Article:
Australia Mulls New Law To Ban Religious Schools From Discriminating Against LGBT Students, Staff

Australia Mulls New Law To Ban Religious Schools From Discriminating Against LGBT Students, Staff

Attorney General Mark Dreyfus

Almost a year after former prime minister Scott Morrison failed to get his religious discrimination bill passed in parliament, the Anthony Albanese government is pressing ahead with plans to introduce a law that would allow LGBTQI students and staff will protect against discrimination in religious schools in Australia.

Last week, the Australian Law Reform Commission (ALRC) released a consultation document asking for a response from the general public on proposed anti-discrimination rules that would make it illegal for religious schools to expel students or fire staff because they LGBTQI is. In November 2022, Attorney General Mark Dreyfus directed the ALRC to come up with recommendations to reform federal anti-discrimination laws.

Currently, religious schools have an exemption from federal anti-discrimination laws that allow them to discriminate against, fire, and expel LGBTQI students and teachers. The amendments to the law proposed by ALRC would remove those exemptions.

Removing exemptions for religious schools

The proposed law reform would make it illegal for religious educational institutions to discriminate against students “on the basis of sexual orientation, gender identity, marital or relationship status, or pregnancy”.

It will also “protect teachers and other school staff from discrimination based on gender, sexual orientation, gender identity, marital or relationship status or pregnancy”.

The proposed laws would still allow religious schools to “maintain their religious character by allowing them to give preference to prospective staff on religious grounds where the teaching, maintenance or practice of religion is part of their role” and “require that all staff the educational institution’s religious ethos.”

The deadline for submissions is 24 February 2023, and the ALRC will present its final recommendations to the Australian Government on 21 April 2023.

Essential to pass law to protest LGBTQI students, staff

Gay Aussie actor Tim Pocock speaks out against homophobia at Sydney Opus Dei school

LGBTQI advocates welcomed the ALRC consultation document and called on the community to submit their responses.

“We are calling on those who oppose the adverse treatment of LGBTIQA+ people to raise their voices for equality in religious schools before the February 24 deadline,” Just.Equal Australia spokesperson Brian Greig said in a statement said.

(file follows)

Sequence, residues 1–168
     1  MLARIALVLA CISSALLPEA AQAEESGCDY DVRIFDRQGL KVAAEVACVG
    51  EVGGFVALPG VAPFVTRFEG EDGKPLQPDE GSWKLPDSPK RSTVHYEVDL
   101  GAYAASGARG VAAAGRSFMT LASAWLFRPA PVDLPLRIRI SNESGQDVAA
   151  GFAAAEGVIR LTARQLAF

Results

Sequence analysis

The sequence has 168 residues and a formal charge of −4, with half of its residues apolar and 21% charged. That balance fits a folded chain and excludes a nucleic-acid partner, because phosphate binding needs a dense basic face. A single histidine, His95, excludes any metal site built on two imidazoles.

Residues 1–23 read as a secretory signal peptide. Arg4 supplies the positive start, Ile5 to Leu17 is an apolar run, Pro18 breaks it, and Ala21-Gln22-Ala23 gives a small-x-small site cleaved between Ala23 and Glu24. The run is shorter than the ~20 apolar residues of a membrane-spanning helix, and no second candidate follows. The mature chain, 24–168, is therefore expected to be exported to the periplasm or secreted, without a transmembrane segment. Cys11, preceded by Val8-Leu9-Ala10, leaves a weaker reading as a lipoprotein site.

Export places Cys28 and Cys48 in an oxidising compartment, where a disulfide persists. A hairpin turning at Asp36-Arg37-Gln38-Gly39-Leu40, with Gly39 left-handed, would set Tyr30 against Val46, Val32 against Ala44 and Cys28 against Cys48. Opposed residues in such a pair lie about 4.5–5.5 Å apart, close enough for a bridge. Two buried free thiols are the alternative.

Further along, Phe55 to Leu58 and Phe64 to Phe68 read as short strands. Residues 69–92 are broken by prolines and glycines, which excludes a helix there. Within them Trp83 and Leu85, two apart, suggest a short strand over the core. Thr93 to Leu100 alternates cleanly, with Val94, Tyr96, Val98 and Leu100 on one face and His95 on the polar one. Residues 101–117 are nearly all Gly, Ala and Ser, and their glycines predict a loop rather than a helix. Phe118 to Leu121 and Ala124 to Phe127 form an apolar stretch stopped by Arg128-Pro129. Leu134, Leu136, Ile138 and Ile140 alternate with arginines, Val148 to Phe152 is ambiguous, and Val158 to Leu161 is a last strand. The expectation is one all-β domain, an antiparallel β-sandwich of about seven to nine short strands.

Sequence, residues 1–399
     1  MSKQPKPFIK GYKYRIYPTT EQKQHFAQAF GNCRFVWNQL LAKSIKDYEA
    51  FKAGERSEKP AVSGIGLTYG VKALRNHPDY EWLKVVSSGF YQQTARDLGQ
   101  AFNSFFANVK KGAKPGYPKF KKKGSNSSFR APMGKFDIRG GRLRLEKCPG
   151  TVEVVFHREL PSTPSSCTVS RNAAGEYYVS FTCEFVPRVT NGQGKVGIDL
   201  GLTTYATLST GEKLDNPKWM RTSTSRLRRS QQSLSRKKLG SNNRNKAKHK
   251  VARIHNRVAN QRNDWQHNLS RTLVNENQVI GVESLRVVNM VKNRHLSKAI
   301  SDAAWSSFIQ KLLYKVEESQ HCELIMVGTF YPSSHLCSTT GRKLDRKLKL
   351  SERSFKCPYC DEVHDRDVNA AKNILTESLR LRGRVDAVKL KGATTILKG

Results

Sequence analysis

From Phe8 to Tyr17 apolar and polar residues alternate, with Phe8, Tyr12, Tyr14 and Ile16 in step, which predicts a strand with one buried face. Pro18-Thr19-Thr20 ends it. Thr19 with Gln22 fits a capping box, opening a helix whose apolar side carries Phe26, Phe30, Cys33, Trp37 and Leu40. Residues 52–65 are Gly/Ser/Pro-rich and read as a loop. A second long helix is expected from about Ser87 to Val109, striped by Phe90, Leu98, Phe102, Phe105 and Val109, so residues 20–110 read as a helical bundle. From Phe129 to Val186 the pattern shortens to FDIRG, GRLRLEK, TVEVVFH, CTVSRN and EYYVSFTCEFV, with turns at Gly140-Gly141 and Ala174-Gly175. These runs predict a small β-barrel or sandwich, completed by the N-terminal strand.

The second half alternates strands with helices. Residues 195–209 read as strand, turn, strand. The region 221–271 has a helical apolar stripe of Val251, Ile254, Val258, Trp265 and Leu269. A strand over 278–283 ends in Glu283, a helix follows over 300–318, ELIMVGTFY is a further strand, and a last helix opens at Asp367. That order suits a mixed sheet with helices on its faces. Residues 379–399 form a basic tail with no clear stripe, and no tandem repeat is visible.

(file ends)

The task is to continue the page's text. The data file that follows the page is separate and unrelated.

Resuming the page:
“We also call on people submitting a submission to make the point that there should be no indirect discrimination, including loophole discrimination in the name of ‘religious ethos’, and to call for an end to exemptions for faith-based welfare agencies . .”

Greig was referring to the recent ABC Four Corners story about LGBTQI students being discriminated against at two Opus Dei affiliated schools in Sydney.

“(It is) a reminder (of) why it is imperative that the law condemns discrimination in faith-based schools. States like Tasmania and Victoria already prohibit all discrimination and the federal government should too,” Greig said.

Concessions To Conservative Churches re

The organization said it had also written to the Attorney General about the fact that of the 10 organizations consulted in relation to the brief, seven were religious organizations and only one was an LGBTQI group.

“The conservative Anglican Diocese of Sydney was consulted despite not representing the Anglican Church nationally, and the LGBTIQA-friendly Uniting Church was not consulted at all. The LGBTIQA-friendly Independent Education Union was not consulted, nor were any women’s groups, despite the investigation also affecting their rights,” Greig said.

“This bias is reflected in concessions to conservative church leaders such as the ALRC proposal to allow the exclusion of LGBTQA+ students from religious celebrations. We must do everything in our power to stop any such concession to harm,” Greig added.

Have your say here! Submit your feedback on the Australian Law Commission’s proposal to protect LGBTQI students and staff in religious schools before 24 February 2023.

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